This is particularly important for UK where National Institute for Health and Care Excellence (NICE) removed the drug from routine use (Cancer Drugs Fund) in 2015.
Why wait in USA? There an extended access program in place
For those in USA, you may still get access to PRRT via the Extended Access Program (a form of clinical trial) and the list of providing centres and details of the program can be found by clicking here.
Why wait in UK? There are ways to get access to PRRT via different funding sources. Ask your specialist.
Of course, these diagnostic and treatment tools have been in use in Europe for some time but to be honest, they have been on a limited scale. In UK, it was even removed from routine availability through a ‘slush fund’ formally known as the Cancer Drugs Fund – to cut a long story short, that dried up. There are still ways of obtaining the treatment but certain criteria apply. Hopefully it will be reintroduced to England soon. In the meantime, I constantly see stories of US patients travelling to Switzerland, Germany and England; and Irish patients travelling to Sweden. I’m sure there’s people from other countries also travelling to other countries! It really is an international disease! However, it does indicate one thing, there is a huge unmet need in that many patients do not have access to the best treatments in their own country.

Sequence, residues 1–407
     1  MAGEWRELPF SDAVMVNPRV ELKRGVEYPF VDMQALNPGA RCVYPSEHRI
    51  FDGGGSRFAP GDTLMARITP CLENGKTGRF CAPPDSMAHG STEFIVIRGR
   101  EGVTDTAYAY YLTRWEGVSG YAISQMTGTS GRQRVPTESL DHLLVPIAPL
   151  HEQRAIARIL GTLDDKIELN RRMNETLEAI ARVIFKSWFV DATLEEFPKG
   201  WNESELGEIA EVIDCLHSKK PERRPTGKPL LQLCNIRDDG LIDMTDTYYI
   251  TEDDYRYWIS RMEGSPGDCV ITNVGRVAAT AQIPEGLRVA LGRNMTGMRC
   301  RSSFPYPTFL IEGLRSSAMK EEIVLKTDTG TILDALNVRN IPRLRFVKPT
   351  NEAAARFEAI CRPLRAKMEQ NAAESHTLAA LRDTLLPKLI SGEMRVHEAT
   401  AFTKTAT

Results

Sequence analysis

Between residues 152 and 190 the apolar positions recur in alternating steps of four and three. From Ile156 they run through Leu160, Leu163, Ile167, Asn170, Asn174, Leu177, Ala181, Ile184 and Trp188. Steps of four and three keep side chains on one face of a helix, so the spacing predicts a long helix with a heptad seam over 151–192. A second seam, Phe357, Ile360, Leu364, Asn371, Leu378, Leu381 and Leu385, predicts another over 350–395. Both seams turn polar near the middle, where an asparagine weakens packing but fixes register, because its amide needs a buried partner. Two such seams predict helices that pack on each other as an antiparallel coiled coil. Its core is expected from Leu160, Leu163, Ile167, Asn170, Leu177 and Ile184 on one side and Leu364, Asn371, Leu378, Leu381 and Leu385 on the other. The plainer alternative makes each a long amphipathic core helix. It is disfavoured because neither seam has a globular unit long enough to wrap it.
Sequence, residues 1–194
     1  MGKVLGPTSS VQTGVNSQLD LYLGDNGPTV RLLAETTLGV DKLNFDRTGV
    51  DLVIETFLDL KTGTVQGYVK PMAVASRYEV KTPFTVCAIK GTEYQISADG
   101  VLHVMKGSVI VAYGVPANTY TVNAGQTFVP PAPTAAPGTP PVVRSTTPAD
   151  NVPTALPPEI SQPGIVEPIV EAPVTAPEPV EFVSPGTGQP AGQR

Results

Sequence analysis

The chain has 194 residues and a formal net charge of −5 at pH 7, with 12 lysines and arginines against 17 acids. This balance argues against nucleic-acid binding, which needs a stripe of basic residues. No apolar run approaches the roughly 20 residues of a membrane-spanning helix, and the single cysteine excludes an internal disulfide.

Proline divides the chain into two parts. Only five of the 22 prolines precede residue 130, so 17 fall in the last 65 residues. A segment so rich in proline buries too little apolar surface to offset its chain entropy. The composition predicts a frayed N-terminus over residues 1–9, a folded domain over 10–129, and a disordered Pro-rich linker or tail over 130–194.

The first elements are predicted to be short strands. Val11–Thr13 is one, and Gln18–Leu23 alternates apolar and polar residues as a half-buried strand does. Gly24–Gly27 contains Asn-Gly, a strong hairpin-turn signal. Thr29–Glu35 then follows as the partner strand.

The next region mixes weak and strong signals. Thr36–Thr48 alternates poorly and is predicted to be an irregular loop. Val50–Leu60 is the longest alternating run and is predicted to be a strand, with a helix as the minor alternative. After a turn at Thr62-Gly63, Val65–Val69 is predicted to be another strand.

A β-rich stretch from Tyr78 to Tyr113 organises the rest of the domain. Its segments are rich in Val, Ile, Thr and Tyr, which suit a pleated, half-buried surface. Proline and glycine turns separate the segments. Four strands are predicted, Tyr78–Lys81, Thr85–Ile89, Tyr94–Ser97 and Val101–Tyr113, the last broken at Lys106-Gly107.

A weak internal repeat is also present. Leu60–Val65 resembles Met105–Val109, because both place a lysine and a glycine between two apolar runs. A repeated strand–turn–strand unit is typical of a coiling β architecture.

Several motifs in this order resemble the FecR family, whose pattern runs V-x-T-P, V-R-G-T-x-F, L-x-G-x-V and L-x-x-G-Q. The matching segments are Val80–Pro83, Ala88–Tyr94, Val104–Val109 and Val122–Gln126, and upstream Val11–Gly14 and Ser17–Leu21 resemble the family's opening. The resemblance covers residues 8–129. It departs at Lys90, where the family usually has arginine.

Understanding the terminology is half the battle in understanding the latest radionuclide developments. I’ve included Ga-68 PET scans in this and you will see the linkages as you read on.
NETSPOT is the radionuclide mix for use in Gallium 68 (Ga-68) PET diagnostic scans and was recently approved in USA. SOMAKIT TOC is essentially the European equivalent of NETSPOT and is already approved in Europe.
LUTATHERA is the radionuclide mix for use in Peptide Radio Therapy Treatment (PRRT). It is still waiting for approval in USA. The delay is due to an issue with the data. To the best of my knowledge, there is no new forecast decision date for approval (……I have a view it might arrive at quite short notice). You may also see this drug called Lutetium or Lu-177 dotatate.